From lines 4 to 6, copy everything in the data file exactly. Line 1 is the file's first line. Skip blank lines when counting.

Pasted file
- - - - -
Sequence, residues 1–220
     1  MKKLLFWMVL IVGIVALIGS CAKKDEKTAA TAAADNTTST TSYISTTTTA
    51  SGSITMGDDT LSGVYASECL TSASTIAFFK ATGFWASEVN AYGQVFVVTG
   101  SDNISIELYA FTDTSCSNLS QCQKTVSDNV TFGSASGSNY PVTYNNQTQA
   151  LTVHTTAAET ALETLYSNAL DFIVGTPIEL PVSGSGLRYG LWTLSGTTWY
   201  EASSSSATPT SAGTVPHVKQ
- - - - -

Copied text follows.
   101  SDNISIELYA FTDTSCSNLS QCQKTVSDNV TFGSASGSNY PVTYNNQTQA
   151  LTVHTTAAET ALETLYSNAL DFIVGTPIEL PVSGSGLRYG LWTLSGTTWY
   201  EASSSSATPT SAGTVPHVKQ